Journal Article/Book Review
wrongful termination, Supreme Court of Canada, Plourde v Walmart, Honda Canada v Keays, collective bargaining, human rights, legislation, disability discrimination
The author concludes that the Supreme Court of Canada's narrow interpretations in Wal-Mart and Honda undermine the purposes of collective bargaining and human rights legislation, respectively Wal-Mart involves an unfair labour practice complaint following the closing of a store in Jonquibre, Quebec. The author contests the analysis of the Supreme Court of Canada, as being far removed from the context of the real difficulties in dealing with determined anti-union employers, instead facilitating statutory evasion. Honda involves a claim for wrongful dismissal, where the issue at the Supreme Court of Canada level is one of remedy, premised on the dismissal amounting to disability discrimination in breach of human rights legislation. The author criticizes the majority holding that the case did not involve such a breach, as flying in the face of well-established human rights law.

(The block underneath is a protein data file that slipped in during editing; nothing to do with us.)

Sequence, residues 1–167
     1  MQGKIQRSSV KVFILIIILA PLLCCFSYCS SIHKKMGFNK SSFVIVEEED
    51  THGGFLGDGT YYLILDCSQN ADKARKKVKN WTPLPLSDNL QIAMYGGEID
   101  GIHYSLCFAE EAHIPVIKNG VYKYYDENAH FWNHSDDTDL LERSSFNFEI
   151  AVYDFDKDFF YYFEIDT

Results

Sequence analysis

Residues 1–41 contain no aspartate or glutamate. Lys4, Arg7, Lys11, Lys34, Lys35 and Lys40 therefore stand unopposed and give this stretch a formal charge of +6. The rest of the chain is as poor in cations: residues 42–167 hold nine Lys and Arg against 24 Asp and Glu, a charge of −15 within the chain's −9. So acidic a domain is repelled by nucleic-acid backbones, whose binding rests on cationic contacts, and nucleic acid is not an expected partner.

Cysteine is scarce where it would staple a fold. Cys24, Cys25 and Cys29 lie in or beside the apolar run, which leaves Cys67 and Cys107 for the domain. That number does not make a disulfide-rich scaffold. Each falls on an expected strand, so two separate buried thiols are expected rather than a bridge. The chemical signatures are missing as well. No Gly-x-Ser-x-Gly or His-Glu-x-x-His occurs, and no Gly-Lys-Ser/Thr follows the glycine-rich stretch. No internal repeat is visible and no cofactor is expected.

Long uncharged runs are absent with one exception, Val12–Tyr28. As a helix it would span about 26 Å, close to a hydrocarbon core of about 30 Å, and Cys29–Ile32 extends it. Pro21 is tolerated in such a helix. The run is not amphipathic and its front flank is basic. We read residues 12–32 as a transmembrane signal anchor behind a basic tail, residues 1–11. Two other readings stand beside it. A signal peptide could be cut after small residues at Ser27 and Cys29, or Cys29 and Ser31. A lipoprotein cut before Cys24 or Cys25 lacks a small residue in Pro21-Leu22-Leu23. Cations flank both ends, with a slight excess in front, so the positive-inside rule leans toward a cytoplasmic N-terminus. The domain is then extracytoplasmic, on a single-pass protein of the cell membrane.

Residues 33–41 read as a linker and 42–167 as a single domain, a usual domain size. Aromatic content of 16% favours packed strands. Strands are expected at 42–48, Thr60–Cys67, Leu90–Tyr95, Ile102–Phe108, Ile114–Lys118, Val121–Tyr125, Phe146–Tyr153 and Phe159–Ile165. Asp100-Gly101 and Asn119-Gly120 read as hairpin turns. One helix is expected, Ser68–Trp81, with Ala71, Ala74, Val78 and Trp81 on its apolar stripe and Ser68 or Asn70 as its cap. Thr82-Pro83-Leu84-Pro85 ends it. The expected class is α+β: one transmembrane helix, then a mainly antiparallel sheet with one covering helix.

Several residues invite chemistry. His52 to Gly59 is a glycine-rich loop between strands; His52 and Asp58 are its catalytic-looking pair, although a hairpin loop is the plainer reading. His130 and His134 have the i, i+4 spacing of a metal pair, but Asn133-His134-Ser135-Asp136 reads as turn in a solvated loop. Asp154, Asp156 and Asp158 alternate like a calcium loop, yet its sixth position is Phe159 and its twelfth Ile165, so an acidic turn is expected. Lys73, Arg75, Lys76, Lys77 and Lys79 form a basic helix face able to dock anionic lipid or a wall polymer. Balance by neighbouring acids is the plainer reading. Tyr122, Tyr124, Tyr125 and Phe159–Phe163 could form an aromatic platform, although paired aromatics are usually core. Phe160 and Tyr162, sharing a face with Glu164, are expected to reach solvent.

Notes from Prof. Pothier
This is a revised and expanded version of a paper that formed the basis of a presentation at the Inaugural Innis Christie Symposium in Labour and Employment Law held at the Schulich School of Law, Halifax, Nova Scotia on October 23, 2010. I would like to acknowledge the helpful comments of my co-panelists, Joseph Liberman and Ronald Pizzo, as well as other participants in the symposium. Ultimately, though, the views expressed are, of course, solely my own.
Dianne Pothier, "Wrongful Termination Claims in the Supreme Court of Canada: Coming Up Short" (2011) 34:1 Dal LJ 51.